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Cardiac troponin I levels after cardiac surgery as predictor for in-hospital mortality.
Interact Cardiovasc Thorac Surg. 2010 Mar; 10(3):413-6.IC

Abstract

PURPOSE

Troponin is a specific marker of myocardial damage. Increased troponins, however, are observed after almost all cardiac surgery. The clinical significance of this elevation is controversial. The aim of this study was to evaluate if troponin I (cTnI) measured 1 h after cardiac surgery provides additional information to identify patients at risk for hospital mortality.

METHODS

Nine hundred and thirty-eight patients undergoing cardiac surgery between October 2006 and June 2008 served as development set. This group included 688 isolated CABGs and 250 valvular (+CABG) operations, and cTnI levels were measured 1 h (cTnI) after surgery. Hospital mortality, defined as death occurring at the Radboud University Nijmegen Medical Centre (UMCN) at any time after surgery, is the studied outcome. To assess the value of cTnI as a predictor for hospital mortality, receiver-operator characteristic (ROC) curves were used. The Youden-index was used for identifying the best cut-off point. Five hundred and seventy-nine patients undergoing cardiac surgery between July 2008 and February 2009 served as validation set.

RESULTS

The median cTnI level was 1.3 microg/l, 75% inter-quartile range (IQR) 0.68-2.59 microg/l. Ten patients (1.1%) died, cTnI release of the dead, median: 6.8 microg/l was significantly higher than the measured values in the group of survivors, median: 1.3 microg/l (P<0.001). Regression analysis showed a significant correlation between cTnI and hospital mortality (P<0.001). The ROC indicates a cTnI level of 4.25 microg/l with a ROC of 0.80 as optimal cut-off point for predicting hospital mortality, with a sensitivity of 70% and a specificity of 89%. Addition of type of surgery, isolated CABG vs. valve surgery, acute vs. elective surgery and EuroSCORE class did not improve the ROCs. In the validation set, the median cTnI level was 1.17 microg/l. Fifty-six patients had a cTnI level >4.25 microg/l. Of the 579 patients, 11 patients (1.8%) died, six of them had a cTnI level >4.25 microg/l.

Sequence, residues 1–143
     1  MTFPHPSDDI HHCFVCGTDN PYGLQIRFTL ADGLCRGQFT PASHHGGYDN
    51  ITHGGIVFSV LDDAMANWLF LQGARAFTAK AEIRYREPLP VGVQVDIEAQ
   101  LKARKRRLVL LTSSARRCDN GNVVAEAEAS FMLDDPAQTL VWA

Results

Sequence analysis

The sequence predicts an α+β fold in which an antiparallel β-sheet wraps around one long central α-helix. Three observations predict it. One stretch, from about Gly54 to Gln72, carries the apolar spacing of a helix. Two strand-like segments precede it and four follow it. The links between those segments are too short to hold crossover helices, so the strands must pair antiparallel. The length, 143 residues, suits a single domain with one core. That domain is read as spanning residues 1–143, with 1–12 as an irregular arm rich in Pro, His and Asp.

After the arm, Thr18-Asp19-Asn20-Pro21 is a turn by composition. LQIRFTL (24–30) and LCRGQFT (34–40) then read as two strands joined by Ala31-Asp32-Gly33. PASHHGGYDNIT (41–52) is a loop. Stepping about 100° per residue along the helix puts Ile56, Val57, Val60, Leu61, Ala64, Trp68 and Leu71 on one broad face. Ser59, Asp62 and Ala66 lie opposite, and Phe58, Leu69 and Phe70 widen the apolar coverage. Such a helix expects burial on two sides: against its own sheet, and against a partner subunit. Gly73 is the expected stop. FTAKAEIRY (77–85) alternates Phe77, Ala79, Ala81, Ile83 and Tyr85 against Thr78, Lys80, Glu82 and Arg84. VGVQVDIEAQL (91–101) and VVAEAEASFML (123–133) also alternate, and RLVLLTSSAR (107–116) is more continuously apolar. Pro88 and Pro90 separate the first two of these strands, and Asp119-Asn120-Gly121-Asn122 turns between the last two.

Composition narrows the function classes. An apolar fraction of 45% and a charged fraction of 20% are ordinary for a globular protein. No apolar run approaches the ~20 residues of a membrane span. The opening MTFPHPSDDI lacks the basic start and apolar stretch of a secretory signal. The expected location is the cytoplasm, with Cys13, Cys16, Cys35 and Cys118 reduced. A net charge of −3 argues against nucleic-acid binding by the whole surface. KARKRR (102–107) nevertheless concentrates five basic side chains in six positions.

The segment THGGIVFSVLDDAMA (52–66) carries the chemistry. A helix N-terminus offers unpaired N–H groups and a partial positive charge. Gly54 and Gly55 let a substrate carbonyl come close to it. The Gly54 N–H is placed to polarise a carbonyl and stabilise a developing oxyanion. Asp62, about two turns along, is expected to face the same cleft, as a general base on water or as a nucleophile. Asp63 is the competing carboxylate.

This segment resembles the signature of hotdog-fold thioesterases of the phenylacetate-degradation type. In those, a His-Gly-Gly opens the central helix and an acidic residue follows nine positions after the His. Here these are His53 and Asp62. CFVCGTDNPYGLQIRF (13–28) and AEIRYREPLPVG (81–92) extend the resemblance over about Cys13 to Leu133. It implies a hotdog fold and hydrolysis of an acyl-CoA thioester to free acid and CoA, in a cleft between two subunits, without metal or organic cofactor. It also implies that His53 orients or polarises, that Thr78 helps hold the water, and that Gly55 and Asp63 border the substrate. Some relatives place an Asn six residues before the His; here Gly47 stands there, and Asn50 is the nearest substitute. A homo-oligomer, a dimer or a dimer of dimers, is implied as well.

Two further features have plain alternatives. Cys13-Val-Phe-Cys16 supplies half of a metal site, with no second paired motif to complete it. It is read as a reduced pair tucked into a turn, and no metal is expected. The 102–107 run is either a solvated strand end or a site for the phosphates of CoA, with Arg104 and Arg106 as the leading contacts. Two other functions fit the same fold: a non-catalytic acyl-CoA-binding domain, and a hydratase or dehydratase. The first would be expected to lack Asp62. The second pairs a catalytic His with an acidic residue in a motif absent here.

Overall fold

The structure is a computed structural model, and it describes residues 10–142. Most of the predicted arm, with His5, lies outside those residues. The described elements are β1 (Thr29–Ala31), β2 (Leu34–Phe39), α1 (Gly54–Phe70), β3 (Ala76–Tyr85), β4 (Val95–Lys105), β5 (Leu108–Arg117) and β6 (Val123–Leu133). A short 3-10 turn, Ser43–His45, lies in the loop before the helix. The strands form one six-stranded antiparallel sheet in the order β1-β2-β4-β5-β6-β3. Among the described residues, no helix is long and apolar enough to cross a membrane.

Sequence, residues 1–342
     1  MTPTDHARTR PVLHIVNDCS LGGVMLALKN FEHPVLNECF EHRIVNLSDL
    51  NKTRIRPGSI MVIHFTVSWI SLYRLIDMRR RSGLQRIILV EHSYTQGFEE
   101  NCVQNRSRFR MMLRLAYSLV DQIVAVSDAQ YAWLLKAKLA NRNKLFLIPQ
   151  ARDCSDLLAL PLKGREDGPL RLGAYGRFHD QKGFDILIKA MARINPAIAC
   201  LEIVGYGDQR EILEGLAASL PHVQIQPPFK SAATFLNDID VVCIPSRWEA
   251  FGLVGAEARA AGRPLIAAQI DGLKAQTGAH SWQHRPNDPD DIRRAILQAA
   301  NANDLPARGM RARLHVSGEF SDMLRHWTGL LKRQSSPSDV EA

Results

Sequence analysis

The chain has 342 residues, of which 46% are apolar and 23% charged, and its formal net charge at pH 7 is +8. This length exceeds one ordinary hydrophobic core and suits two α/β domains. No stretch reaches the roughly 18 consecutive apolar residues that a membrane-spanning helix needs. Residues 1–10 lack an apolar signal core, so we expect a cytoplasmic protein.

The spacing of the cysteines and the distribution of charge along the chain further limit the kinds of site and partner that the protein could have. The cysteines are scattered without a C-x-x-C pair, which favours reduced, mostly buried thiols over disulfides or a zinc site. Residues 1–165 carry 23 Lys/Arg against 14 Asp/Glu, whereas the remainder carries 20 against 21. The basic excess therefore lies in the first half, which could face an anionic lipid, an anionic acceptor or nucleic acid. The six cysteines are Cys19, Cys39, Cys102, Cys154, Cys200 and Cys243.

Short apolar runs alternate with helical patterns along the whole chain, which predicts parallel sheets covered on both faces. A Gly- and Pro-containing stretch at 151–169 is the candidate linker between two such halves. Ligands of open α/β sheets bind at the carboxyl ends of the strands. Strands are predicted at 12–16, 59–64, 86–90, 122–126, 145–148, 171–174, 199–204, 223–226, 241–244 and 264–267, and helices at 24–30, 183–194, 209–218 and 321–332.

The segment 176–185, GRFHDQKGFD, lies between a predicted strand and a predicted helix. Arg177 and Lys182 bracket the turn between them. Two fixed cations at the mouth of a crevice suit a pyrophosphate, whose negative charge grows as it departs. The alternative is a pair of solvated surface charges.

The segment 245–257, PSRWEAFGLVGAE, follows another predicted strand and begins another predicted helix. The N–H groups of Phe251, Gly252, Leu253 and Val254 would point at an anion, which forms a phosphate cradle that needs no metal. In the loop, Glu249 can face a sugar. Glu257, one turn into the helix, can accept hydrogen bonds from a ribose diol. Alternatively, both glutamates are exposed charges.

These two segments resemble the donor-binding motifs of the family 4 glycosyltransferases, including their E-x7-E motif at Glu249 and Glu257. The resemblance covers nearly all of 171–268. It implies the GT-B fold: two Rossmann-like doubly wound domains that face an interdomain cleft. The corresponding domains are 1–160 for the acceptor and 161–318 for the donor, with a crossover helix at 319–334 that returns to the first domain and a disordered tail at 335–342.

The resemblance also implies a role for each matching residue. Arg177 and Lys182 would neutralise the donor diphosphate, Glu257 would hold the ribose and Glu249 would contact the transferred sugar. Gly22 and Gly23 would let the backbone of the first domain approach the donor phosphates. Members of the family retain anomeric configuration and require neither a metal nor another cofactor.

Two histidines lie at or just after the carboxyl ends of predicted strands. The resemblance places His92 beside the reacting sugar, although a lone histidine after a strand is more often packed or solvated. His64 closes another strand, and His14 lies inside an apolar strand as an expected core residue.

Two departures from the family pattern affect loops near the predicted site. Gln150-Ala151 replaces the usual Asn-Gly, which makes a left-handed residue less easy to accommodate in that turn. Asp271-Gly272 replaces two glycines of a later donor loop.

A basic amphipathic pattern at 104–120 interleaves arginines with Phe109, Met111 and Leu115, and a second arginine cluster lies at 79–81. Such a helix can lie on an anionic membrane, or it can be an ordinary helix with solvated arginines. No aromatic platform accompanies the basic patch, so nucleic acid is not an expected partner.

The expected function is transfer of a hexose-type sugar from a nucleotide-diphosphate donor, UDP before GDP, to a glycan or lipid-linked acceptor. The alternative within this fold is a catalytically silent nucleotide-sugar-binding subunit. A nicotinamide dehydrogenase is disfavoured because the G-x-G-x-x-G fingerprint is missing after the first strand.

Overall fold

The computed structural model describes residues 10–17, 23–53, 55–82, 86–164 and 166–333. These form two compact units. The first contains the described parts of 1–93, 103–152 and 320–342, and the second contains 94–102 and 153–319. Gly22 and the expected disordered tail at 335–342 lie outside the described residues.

CONCLUSION

Postoperative cTnI level, measured within the first hour after cardiac surgery, can identify a subgroup of patients with increased risk for hospital mortality. These patients may benefit from better monitoring, eventually with specific diagnostic and therapeutic interventions.

Authors+Show Affiliations

Department of Cardio-Thoracic Surgery, Heart Center, Radboud University Nijmegen, Nijmegen, The Netherlands.No affiliation info availableNo affiliation info available

Pub Type(s)

Evaluation Study
Journal Article

Language

eng

PubMed ID

20008898

Citation

van Geene, Yvette, et al. "Cardiac Troponin I Levels After Cardiac Surgery as Predictor for In-hospital Mortality." Interactive Cardiovascular and Thoracic Surgery, vol. 10, no. 3, 2010, pp. 413-6.
van Geene Y, van Swieten HA, Noyez L. Cardiac troponin I levels after cardiac surgery as predictor for in-hospital mortality. Interact Cardiovasc Thorac Surg. 2010;10(3):413-6.
van Geene, Y., van Swieten, H. A., & Noyez, L. (2010). Cardiac troponin I levels after cardiac surgery as predictor for in-hospital mortality. Interactive Cardiovascular and Thoracic Surgery, 10(3), 413-6. https://doi.org/10.1510/icvts.2009.216408